Pictures have disappeared from Google’s search results pages once again. The bug seems to affect recipe bloggers the most. Some are stating that WP Rocket had something to do with it. But that is not confirmed.
The sites that have the carousels at the cover of the page lost their rankings.
The websites that were in the regular search results held their rankings however lost the picture that should go with their SERP listing.
Numerous bloggers observed that every one of them had WP Rocket in common. They started to presume that WP Rocket was making the pictures not be seen by Google. If that is valid then that would clarify why the pictures were vanishing from Google’s SERPs.
WP Rocket is a plugin whose objective for existing is to accelerate a site.
WP Rocket also takes files and places them into a cache. A cache is like a snapshot. This saves time because WordPress doesn’t need to get data from a database but can utilize the cached file.
But sometimes the process of minifying or caching can meddle with the operation of a plugin, making the site not work accurately.
Sometimes this happens when a plugin has updated but WP Rocket (or some other caching plugin) doesn’t automatically update the cache or minified files.
That is the reason it’s a decent practice to flush the cache and create a new cache as well as minify files whenever WordPress itself updates or when a plugin updates.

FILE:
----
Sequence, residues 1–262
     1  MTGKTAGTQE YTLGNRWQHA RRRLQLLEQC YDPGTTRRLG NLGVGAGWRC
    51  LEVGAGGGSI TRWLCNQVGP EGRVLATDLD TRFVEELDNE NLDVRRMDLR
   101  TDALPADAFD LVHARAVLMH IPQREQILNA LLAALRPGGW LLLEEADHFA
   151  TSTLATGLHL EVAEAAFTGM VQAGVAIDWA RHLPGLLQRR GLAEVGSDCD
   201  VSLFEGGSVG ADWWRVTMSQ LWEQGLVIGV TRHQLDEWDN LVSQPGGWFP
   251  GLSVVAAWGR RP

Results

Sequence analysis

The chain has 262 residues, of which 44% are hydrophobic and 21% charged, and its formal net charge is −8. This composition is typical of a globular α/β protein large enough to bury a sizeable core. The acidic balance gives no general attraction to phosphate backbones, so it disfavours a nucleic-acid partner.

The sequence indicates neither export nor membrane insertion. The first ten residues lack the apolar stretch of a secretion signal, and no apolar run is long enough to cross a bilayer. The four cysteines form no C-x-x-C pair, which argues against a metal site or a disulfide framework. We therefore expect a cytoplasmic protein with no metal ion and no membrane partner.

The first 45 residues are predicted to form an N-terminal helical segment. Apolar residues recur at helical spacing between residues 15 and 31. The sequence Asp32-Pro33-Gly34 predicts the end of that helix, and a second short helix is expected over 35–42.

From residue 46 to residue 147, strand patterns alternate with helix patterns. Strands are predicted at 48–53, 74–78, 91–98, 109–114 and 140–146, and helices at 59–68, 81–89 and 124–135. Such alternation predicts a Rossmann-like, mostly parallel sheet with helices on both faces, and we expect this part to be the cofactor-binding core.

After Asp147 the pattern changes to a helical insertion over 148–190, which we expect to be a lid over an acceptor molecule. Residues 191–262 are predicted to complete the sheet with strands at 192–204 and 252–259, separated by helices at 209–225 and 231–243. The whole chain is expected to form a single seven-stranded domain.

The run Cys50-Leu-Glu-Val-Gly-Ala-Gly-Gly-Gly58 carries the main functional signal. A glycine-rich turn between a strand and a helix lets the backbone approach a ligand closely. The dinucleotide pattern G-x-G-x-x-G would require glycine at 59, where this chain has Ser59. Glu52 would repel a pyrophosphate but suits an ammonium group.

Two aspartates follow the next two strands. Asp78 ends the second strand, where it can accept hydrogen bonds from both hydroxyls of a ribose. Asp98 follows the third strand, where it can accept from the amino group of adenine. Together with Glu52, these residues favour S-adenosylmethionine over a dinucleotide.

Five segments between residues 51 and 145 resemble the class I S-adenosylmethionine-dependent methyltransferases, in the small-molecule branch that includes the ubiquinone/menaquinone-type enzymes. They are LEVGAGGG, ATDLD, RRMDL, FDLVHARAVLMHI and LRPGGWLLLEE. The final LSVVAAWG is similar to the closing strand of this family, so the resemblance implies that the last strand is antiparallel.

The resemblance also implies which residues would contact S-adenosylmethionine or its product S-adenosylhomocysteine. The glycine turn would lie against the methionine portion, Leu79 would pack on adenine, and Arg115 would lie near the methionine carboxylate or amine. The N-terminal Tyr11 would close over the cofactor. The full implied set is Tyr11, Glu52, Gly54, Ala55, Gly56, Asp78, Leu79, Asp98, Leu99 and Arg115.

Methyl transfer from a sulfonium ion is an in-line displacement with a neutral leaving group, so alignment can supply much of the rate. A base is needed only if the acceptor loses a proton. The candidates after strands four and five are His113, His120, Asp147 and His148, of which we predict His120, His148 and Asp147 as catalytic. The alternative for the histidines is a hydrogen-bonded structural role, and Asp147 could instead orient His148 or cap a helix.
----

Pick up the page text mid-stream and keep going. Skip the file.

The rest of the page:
One would believe that a plugin would do that automatically and it can. But nothing is great and caching plugins can be a little testy.
As indicated by Casey Markee
“Most likely, there are multiple plugin conflicts that are causing these temporary rendering issues. One of them, Grow by Mediavine was definitively the triggering cause in several cases we traced over the last 48 hours.
As for the WP Rocket issue, it “could” be the issue in select situations and I know of two cases we can say that was the case as they didn’t have Grow installed. In the end, anything that impedes JS or CSS from loading can cause issues.”
Google’s John Mueller asked for URLs and numerous bloggers reacted. Maybe they thought the issue was resolved?
At that point, July eighth, it was not so much sure this was an issue explicit to WP Rocket. It gave off an impression of being a WP Rocket issue but evidently it was not.
The issue had to do with a totally different WordPress Plugin called Grow by MediaVine.
This is a decent outline of how the conspicuous suspect isn’t generally the issue. By being self-evident, many people will quit searching for an answer since they are satisfied that the most clear applaicant is to blame. It’s a typical inclination in diagnosing an issue.